A fun way to spend in hour is to approximate some number in a silly way. Say we want to approximate \(\sqrt{e}\), a nice irrational number, but we only know the value of \(e^x\) for \(x < 0.5\). Let's suppose also that we can only store one value of \(e^x\) at a time (so, for instance, we can't just calculate \(e^{1/4} \cdot e^{1/4}\)).

Maybe the simplest way to do this is to just evaluate \(e^x\) for \(x = 0.499999\) or something like that. And while that would probably get a pretty decent approximation, it's no fun. Instead, we can be a little more creative :)

Notice that $$ \int_0^{0.5} e^x \, dx = \sqrt{e} - 1. $$ So if we can get a decimal approximation of this integral, we can get \(\sqrt{e}\). So basically we just need to calculate the area under the curve \(f(x) = e^x\) between \(0\) and \(0.5\).

So let's approximate the area under this curve with \(0 < x < 0.5\). We know that \(e^{0.5} < e < 3\), so let's confine our view of the curve to a 0.5 by 3 box. Now we can do something fun: we can just throw darts at our box. And if we're bad enough at playing darts, we might expect that our darts land randomly and uniformly distributed within our box. That means that, after we throw a lot of darts, we can count them all up and notice the ratio between those that landed in the shaded area and the total thrown. In other words, as we throw more and more darts, $$ \frac{\text{# darts in shaded region}}{\text{# total darts}} \approx \frac{\text{area of shaded region}}{\text{total area}} = \frac{\sqrt{e} - 1}{3/2}. $$ So then $$ \sqrt{e} \approx \frac{\text{# darts in shaded region} \times 3}{\text{# total darts} \times 2} + 1.$$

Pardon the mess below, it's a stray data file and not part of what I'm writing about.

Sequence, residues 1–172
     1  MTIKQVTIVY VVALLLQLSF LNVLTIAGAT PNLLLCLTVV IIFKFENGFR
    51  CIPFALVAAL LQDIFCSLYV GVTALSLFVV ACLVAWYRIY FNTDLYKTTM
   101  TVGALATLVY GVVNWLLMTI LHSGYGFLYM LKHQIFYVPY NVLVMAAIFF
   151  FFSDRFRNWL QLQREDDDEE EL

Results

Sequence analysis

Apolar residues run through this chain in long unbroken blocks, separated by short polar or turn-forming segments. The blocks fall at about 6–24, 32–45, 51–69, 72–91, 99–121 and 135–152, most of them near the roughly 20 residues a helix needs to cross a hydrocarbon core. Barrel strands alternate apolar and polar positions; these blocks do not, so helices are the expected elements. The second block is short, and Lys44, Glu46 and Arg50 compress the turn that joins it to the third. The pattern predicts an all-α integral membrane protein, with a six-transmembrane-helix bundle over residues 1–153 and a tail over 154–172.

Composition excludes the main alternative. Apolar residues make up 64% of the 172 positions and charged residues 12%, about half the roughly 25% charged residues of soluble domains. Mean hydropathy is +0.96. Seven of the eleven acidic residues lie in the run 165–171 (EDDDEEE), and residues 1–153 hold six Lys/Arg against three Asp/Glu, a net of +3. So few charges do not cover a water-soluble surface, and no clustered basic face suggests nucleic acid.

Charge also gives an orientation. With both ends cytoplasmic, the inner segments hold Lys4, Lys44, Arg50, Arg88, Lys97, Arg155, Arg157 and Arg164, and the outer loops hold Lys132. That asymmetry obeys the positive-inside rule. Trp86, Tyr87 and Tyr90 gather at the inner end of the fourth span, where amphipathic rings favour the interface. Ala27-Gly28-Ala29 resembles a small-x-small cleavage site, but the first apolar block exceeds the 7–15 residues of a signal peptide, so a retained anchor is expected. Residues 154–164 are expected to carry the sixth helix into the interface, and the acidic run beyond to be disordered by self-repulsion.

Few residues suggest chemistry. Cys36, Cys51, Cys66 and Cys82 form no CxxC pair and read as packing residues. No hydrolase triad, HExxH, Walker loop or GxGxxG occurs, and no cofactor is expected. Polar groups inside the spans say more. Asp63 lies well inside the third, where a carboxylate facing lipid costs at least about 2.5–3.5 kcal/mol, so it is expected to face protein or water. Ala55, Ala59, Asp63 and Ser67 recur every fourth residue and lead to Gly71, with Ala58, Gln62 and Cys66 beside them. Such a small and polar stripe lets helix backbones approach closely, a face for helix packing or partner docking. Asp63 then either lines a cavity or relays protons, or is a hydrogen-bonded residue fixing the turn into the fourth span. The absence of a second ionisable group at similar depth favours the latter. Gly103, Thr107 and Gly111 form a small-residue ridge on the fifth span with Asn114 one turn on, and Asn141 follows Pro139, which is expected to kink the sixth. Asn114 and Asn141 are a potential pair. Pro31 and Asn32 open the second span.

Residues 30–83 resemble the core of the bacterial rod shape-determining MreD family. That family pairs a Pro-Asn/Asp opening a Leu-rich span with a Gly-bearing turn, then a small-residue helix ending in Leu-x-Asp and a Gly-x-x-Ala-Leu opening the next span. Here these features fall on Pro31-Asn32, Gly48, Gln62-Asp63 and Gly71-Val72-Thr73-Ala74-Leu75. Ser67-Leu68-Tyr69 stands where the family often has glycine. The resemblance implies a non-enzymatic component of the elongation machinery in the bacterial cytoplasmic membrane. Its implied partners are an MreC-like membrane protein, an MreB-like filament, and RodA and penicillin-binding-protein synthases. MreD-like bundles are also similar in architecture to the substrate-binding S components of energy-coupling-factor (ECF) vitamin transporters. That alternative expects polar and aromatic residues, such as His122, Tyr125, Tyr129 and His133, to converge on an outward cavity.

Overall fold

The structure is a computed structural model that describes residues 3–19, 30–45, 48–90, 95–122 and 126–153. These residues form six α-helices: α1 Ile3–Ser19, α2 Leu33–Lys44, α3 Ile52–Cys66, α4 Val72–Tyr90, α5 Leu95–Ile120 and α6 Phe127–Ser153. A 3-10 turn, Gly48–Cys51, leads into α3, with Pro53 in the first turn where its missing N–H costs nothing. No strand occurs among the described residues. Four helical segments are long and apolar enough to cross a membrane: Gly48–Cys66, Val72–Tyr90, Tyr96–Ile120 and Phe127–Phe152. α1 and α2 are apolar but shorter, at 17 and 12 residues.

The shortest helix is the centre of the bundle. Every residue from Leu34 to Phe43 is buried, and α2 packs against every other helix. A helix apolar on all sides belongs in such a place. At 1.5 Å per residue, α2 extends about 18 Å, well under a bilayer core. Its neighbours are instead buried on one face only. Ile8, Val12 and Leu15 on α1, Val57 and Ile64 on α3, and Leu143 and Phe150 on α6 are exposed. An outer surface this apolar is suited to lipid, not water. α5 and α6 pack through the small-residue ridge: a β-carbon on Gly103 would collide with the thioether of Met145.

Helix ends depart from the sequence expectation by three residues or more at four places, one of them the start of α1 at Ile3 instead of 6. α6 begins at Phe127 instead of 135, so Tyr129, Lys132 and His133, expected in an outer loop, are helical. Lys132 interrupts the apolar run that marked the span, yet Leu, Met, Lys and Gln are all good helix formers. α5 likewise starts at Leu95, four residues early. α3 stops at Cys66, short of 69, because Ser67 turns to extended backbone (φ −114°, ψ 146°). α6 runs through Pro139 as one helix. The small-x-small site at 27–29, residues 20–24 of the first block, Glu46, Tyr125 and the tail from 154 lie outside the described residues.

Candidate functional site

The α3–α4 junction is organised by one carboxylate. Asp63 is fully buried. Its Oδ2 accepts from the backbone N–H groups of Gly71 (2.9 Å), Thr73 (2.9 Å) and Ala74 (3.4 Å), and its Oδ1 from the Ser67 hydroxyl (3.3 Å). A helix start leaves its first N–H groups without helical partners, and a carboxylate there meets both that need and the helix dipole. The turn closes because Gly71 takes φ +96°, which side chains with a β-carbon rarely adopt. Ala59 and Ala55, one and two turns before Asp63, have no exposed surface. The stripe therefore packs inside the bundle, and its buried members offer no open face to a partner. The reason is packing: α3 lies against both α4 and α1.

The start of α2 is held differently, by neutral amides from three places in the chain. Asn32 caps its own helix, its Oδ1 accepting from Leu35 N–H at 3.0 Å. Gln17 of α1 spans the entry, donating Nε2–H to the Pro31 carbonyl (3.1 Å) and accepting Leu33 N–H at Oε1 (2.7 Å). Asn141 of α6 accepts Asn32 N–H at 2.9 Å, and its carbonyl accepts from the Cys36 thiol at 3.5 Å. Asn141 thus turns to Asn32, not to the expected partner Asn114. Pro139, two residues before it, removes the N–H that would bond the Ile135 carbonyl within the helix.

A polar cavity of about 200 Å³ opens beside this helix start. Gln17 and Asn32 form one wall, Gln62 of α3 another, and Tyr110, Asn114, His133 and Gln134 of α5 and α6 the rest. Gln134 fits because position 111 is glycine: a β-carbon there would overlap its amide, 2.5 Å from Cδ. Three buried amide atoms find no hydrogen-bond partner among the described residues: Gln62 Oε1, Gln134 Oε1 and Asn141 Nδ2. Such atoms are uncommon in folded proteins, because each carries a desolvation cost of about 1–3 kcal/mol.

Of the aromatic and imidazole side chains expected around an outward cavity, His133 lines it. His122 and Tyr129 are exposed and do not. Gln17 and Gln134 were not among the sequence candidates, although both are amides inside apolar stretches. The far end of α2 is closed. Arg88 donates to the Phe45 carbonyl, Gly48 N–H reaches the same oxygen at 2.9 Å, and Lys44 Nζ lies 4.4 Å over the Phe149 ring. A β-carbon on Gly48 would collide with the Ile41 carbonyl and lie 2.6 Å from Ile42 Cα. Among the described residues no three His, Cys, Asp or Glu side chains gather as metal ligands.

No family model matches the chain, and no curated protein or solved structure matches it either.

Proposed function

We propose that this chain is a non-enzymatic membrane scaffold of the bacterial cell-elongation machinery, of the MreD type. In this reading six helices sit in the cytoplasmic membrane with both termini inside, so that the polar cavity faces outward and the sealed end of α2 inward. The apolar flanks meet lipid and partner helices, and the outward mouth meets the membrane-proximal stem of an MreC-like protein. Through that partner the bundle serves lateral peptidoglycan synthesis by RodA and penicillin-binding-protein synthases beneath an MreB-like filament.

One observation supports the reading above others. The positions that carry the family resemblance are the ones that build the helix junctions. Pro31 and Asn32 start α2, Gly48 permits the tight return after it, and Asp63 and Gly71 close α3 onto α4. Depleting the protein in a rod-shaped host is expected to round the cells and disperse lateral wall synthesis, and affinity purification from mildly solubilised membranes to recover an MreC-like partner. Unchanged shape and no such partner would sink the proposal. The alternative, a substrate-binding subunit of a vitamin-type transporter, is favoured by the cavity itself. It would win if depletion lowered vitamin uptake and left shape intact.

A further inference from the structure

So now all we need to do is throw a bunch of darts at the box and count how many land in the shaded region! But, although I'm
bad enough at darts to have a decently uniform distribution on the box, my hand starts cramping after a few million throws. So
we'll just hire a Python script to do all the work for us^{1}:

```
SAMPLE = 10000000
shaded = 0
for i in range(SAMPLE):
x = random.uniform(0.0, 0.5)
y = random.uniform(0.0, 3)
if y < math.e ** x:
shaded += 1
return 3 * shaded / (2 * SAMPLE) + 1
```

The full code can be found here. With ten-million throws, this approximation is usually accurate to 3 decimal places (not too bad!). This method has a bunch of limitations, like being constrained to floating point representation and Python's pseudo-random generation.

The most popular way of approximating \(e\), especially in setting world records for longest approximation, is through approximating the Taylor series expansion \(\sum_{j=0}^\infty \frac{1}{j!}\) with some added optimizations. Even with a quick unoptimized script on my Raspberry Pi, this method can match the true value of \(e\) to as many decimal places a Python float can store with just the first 20 terms of the Taylor series and within a few seconds. And indeed we can apply this to \(\sqrt{e}\) by either applying a square root algorithm to the previously calculated \(e\) or by calculating \(\sum_{j=0}^\infty \frac{(1/2)^j}{j!}\). Either way, this would converge much much faster to \(e\) than the nondeterministic Monte Carlo method above. And so for all practical purposes, it's probably not useful at all to calculate this constant probabilistically, but who cares it was fun :)

- Okay so technically the
`random.uniform`

function in Python includes both arguments in the range, and in particular means that it's possible for \(0.5\) to be chosen as value for \(x\). But nothing would really change if there were a (more appropriate) function that excluded its arguments in the context of this problem.↵